The fact that the ISB has become so embedded in planning and operations speaks volumes about UL’s culture of evaluation and improvement. Areas where the impact of this approach is particularly evident include arrival, learning satisfaction and value for money, where UL performs 4%, 3%, and 11% above Ireland benchmarks. Value for Money is especially impressive as this metric is up 3% on last year, and 10% above the global benchmark, at a time when many universities have struggled to maintain this element of performance.
The arrivals score comes with mixed emotions for Yvonne for a number of reasons. In Ireland public transport wasn’t available during COVID lockdowns for newly arrived students into the country. To adhere to the government guidelines, the university therefore transported all their new international students from regional airports and ferry ports in Ireland directly to their accommodation. Naturally this made for a fantastic experience for the students, but in terms of workload and expense, it isn’t a sustainable initiative. However, although the university is returning to more of a pre-COVID arrivals process, Yvonne as been able to look at the impact of the temporary process and take some learnings from that in order to inform how the university can deliver a sustainable approach. This is just one area where the team has taken learnings from the ISB during the COVID-impacted period of the last two years. The pre-arrival and welcoming of new students have also been areas where UL has been focusing on in terms of getting students in and settled and adjusted, so their experience can be conducive to a successful and rewarding time at UL. Their ISB results reflect this – “Overall satisfaction – Arrival / Getting Started” received 93% satisfaction (vs Ireland benchmark of 89%); “Orientation programme” satisfaction was 84% (vs 79%); and 92% of students indicated they were happy with their life at university (vs 88% in the Ireland benchmark.)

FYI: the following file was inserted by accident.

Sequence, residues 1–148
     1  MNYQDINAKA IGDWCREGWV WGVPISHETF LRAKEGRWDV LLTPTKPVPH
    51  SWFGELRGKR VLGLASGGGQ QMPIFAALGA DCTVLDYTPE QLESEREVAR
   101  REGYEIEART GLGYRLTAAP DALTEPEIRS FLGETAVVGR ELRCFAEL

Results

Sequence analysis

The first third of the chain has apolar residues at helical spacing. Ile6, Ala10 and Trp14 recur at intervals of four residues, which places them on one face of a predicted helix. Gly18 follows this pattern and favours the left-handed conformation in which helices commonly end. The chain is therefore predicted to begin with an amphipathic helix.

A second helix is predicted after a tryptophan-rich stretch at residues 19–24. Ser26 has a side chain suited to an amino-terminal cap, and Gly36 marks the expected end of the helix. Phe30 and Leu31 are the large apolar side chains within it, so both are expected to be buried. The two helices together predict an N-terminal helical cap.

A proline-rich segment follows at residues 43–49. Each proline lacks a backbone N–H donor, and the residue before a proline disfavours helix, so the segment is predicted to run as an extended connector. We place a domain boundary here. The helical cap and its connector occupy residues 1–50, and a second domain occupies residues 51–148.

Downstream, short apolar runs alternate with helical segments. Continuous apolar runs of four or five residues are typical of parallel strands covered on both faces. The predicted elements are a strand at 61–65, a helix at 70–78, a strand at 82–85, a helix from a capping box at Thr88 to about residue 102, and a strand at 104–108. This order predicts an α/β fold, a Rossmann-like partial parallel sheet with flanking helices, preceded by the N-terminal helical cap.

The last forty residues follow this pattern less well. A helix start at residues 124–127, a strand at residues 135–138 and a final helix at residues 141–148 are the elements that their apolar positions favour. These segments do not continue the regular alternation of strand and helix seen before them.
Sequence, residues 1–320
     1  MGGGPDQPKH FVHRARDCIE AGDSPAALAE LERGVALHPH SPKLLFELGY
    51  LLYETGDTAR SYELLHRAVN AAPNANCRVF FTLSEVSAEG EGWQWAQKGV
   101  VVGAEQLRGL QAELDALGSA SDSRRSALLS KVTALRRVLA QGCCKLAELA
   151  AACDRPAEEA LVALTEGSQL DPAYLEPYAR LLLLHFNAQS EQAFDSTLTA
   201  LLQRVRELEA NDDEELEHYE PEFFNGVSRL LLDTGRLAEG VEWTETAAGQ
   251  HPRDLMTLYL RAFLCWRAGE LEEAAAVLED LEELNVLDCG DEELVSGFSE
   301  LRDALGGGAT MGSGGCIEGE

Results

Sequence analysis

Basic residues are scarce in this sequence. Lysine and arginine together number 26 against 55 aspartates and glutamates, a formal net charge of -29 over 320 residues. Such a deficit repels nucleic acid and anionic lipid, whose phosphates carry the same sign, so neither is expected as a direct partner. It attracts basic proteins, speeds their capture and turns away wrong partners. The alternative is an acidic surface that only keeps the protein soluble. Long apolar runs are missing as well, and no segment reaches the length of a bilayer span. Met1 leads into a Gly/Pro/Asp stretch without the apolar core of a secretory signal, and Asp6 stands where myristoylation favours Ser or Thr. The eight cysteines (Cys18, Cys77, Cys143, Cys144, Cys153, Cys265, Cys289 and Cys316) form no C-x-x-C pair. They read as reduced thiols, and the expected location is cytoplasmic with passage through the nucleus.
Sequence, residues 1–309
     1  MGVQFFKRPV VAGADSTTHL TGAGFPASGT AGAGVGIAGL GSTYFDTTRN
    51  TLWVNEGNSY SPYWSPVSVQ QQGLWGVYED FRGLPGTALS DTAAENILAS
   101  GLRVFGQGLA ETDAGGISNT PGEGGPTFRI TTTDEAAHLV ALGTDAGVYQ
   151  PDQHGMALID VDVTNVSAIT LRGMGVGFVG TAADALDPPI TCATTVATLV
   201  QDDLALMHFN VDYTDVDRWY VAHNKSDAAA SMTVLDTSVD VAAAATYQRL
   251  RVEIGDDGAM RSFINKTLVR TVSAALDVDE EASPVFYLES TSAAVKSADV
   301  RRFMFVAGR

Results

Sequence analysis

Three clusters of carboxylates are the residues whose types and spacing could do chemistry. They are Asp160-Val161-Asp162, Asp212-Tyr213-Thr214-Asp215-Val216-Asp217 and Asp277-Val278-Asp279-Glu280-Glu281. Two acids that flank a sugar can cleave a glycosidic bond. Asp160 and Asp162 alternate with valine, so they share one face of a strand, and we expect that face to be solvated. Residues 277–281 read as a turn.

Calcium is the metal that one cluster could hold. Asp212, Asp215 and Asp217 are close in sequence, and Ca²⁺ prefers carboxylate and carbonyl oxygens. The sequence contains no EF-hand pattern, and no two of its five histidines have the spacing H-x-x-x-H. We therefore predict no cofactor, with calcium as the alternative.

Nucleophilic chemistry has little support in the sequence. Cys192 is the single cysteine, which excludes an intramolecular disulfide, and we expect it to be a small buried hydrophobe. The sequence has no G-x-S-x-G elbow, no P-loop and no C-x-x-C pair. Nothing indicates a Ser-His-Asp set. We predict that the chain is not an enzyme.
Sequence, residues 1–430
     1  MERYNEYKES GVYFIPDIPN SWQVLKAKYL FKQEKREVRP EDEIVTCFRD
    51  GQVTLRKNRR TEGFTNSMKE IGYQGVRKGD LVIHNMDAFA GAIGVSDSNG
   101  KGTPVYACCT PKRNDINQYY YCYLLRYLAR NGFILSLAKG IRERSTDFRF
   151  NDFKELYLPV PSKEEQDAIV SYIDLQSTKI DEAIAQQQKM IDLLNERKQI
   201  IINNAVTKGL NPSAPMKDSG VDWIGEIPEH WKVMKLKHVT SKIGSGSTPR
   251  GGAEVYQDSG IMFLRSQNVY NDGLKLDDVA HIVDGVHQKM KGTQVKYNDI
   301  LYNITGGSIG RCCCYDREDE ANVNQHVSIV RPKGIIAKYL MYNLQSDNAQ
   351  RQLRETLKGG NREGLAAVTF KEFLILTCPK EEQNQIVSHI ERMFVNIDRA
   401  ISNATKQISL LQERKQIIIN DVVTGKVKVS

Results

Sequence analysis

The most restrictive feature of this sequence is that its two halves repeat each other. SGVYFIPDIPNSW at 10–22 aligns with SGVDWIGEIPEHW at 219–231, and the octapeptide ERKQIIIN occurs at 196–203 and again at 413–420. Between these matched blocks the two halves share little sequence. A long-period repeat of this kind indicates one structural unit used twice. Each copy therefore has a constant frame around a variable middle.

Outperforming all other universities, globally
Another likely contributing factor to UL students’ perception of value for money is the quality of support services, where the university ranked the best in the world in the latest ISB results. Yvonne admits, in a small country like Ireland, the national benchmark is really important, but the global one is just as important if UL is to compete on the international stage. It’s also a strong endorsement of the work the teams put in across the university to affect the student experience.
“I want to see those results grow across all four areas reflected in the ISB, but it's good to be able to see that the results that we're getting enable us to benchmark ourselves globally as well. It is really important for our staff too.”
The international student experience at University of Limerick is on an upwards trajectory, which will enable the university to compete at higher levels globally. The wealth of data and insight Yvonne and the Global Office continue to acquire through their participation in the International Student Barometer, coupled with the institution-wide commitment to delivering a world-class experience, certainly lends itself to a positive outlook for University of Limerick and their students.